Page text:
What is a Commodity?

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Commodities are raw materials that are grown or mined –- They serve as the building blocks with which all other products are made.

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🤔Understanding commodities

A commodity is a raw material that’s either consumed directly or used to make finished goods. Soft commodities include agricultural products like corn or wheat, while hard commodities include oil, gas, and minerals like copper and gold. Commodities are the foundation of the global economy and are often traded on commodity exchanges. All commodities have intrinsic value (meaning they are worth something on their own) and are interchangeable (one unit of a commodity is considered the same as another). In many early societies, commodities acted as currency or were traded directly for other materials.


People have been trading commodities for centuries. Historical evidence suggests that rice was among the first commodities to be traded on futures contracts. As early as 17th-century Japan, people appear to have bought and sold volumes of rice to hedge against poor crop yields. Some archaeologists believe that the practice goes back much further than that — Possibly as far as 6,000 years ago. Rice was an important commodity in human history, and agricultural commodities are still critical in the modern world.


Commodities are like ingredients in a recipe…

The food that comes out of the oven is the final product. But you can’t just make cookies out of thin air. You need eggs, flour, milk, sugar, and all the other things that you combine to create something tastier. The economy functions the same way. It requires copper, oil, steel, iron, and all the other things (collectively called commodities) that turn into added-value products.

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What commodities are traded most?

The most traded commodities in the world include:

  • Crude oil
  • Steel
  • Soybeans
  • Iron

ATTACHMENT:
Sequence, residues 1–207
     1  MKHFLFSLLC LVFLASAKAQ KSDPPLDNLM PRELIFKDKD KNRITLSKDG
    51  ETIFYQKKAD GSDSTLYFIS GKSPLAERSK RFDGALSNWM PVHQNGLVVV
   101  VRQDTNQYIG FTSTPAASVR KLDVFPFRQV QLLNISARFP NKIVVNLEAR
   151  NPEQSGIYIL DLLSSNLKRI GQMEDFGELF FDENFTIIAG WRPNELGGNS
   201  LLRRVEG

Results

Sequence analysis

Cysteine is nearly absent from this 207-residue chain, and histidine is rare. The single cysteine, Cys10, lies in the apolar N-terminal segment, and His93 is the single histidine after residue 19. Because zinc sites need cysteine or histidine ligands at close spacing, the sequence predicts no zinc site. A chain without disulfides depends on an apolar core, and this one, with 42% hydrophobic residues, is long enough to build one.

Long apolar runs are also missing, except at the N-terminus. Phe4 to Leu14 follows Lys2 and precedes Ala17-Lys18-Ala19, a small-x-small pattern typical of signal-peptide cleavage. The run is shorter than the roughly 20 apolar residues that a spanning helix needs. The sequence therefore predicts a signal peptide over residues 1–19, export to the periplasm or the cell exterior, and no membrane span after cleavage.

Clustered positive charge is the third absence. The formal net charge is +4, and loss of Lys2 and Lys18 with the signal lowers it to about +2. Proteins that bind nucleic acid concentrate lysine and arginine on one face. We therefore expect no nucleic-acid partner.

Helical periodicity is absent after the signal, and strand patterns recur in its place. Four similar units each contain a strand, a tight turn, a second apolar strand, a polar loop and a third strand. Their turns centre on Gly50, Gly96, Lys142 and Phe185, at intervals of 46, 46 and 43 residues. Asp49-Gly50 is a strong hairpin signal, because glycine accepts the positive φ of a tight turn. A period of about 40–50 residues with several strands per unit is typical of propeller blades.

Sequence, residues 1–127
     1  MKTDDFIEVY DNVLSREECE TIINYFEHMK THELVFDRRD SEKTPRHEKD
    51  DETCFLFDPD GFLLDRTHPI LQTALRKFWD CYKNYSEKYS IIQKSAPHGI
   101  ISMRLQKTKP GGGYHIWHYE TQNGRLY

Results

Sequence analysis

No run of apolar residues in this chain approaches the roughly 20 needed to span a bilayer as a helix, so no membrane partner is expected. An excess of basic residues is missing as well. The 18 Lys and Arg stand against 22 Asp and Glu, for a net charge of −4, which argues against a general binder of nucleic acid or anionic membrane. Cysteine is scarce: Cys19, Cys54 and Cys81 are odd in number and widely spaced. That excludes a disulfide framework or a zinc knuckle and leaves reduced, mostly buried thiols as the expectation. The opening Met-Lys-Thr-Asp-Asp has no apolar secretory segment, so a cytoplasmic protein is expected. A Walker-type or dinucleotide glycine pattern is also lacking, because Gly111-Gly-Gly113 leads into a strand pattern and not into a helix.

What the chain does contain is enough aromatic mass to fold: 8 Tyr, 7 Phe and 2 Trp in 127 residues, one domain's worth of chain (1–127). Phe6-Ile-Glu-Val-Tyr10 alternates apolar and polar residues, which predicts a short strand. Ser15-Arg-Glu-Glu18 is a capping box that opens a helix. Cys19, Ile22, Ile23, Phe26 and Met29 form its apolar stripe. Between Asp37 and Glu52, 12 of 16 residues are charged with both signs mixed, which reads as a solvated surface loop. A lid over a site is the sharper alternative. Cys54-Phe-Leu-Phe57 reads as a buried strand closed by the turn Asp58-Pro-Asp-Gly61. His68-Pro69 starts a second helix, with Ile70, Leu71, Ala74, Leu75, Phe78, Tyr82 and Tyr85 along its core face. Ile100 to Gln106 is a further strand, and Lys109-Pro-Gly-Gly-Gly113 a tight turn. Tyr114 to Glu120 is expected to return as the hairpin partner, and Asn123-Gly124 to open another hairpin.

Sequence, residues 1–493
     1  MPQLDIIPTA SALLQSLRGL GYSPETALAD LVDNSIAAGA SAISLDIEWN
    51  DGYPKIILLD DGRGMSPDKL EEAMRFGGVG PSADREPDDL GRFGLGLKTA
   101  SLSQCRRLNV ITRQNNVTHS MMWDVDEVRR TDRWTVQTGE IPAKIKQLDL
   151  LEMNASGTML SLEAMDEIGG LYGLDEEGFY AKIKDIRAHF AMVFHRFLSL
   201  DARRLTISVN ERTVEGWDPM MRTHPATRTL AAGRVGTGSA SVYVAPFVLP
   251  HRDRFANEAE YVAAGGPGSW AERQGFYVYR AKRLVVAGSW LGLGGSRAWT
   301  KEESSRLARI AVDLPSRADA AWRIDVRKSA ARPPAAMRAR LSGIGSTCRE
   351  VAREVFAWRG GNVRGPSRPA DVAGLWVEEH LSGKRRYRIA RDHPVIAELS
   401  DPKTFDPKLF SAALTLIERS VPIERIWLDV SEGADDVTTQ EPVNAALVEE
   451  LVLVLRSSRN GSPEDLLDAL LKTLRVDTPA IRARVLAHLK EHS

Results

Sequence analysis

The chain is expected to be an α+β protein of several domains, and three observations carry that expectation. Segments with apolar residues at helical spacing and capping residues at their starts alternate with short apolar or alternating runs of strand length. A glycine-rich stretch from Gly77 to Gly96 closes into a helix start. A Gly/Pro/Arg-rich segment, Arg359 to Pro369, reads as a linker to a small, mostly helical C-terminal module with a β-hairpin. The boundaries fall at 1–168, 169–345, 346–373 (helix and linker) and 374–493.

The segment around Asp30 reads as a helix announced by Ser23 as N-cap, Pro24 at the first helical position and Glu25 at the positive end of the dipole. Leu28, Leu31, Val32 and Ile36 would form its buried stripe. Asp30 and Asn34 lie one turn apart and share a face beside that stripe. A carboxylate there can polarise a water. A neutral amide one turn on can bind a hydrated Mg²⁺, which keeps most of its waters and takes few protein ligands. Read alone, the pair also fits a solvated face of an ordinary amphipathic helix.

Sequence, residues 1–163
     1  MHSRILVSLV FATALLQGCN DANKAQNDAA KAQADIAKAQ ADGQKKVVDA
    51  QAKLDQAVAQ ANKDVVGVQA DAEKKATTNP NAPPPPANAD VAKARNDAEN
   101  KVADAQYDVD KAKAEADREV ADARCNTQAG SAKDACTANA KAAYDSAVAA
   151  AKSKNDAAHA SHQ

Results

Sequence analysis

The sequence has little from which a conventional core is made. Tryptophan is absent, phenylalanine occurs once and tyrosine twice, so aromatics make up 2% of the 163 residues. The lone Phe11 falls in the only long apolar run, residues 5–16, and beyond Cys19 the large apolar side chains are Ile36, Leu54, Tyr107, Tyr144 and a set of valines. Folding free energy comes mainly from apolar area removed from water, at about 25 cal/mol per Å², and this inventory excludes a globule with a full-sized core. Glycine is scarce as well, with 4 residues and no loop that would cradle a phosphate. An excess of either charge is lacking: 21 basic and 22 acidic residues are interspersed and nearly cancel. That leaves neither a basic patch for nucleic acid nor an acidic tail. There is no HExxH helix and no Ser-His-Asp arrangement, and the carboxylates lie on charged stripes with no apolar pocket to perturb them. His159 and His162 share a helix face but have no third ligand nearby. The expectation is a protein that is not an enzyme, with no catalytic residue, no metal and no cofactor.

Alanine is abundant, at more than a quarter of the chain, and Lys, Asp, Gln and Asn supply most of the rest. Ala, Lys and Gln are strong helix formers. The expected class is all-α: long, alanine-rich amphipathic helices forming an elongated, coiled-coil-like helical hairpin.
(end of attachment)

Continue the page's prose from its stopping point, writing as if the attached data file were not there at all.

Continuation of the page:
• Corn
  • Gold
  • Copper
  • Aluminum
  • Silver

What are the types of commodities?

Commodity markets can be generally broken down into two classes:

Soft commodities

These are mostly food-related products, which have a shelf life. They are typically grown rather than mined. Once they get used, they cannot be used again. These are also renewable products, meaning they can be replaced. Soft commodities include:

  • Coffee
  • Corn
  • Wheat
  • Barley
  • Soybeans
  • Sugar
  • Timber
  • Cotton
  • Pork

Hard commodities

Hard commodities are things that can last forever. Because they are non-perishable, it’s possible to stock up on these materials until prices rise. Hard commodities are mined and include things like:

  • Gold
  • Silver
  • Copper
  • Tin
  • Zinc
  • Rubber
  • Rare earth minerals

Hard commodities are non-renewable, meaning there is only a finite amount of each of these products. Having a finite amount of something creates scarcity, which makes pricing these commodities different from soft commodities. These materials are also durable –- They can generally be reused, recycled, and repurposed.

Energy commodities

Another commodity group worth noting falls between these definitions. Energy products are non-renewable like a hard commodity but are consumed when used. They include things like:

  • Oil
  • Natural gas
  • Coal
  • Biofuel

What is the difference between a commodity and a product?

Commodities are the raw materials used to make products. Products are finished goods — like many of the things people buy at the store. Many companies are in the business of turning commodities into products.

One key difference between a commodity and a product is fungibility. Commodities are generally all the same, at least within the same grade. For example, there are no defining characteristics that differentiate Iowa corn from Kansas corn –- It’s all just corn. The commodity exchange sets an expected quality level for a contract, which is called a basis grade, to account for differences in quality. But the commodity is not differentiated based on branding.

Products, on the other hand, can have different prices based solely on the brand selling them. Products are usually differentiated in other ways too. For instance, cornmeal is not the same as corn tortillas. Products do not sell for the same price, cannot be directly substituted for one another, and are differentiated through branding and advertising.

What are the basics of commodity trading?

There are a few ways to trade commodities:

Direct exchange

The most straightforward way to trade in commodities is to buy or sell them directly. That could mean buying gold from a dealer or corn from a farmer. Some people stock up on commodities and sell them when the price goes up.

Futures contracts

Most commodity trading occurs on exchanges. One of the world’s oldest modern commodity exchanges is the Chicago Board of Trade, founded in 1848. This exchange standardized contract terms and improved the efficiency of the commodity market. It’s now part of the Chicago Mercantile Exchange and is a prominent marketplace for a variety of commodities. The New York Mercantile Exchange is another marketplace that trades primarily in energy and metal commodities. Internationally, notable marketplaces include the London Metals Exchange, the Australian Securities Exchange, and the Tokyo Commodity Exchange.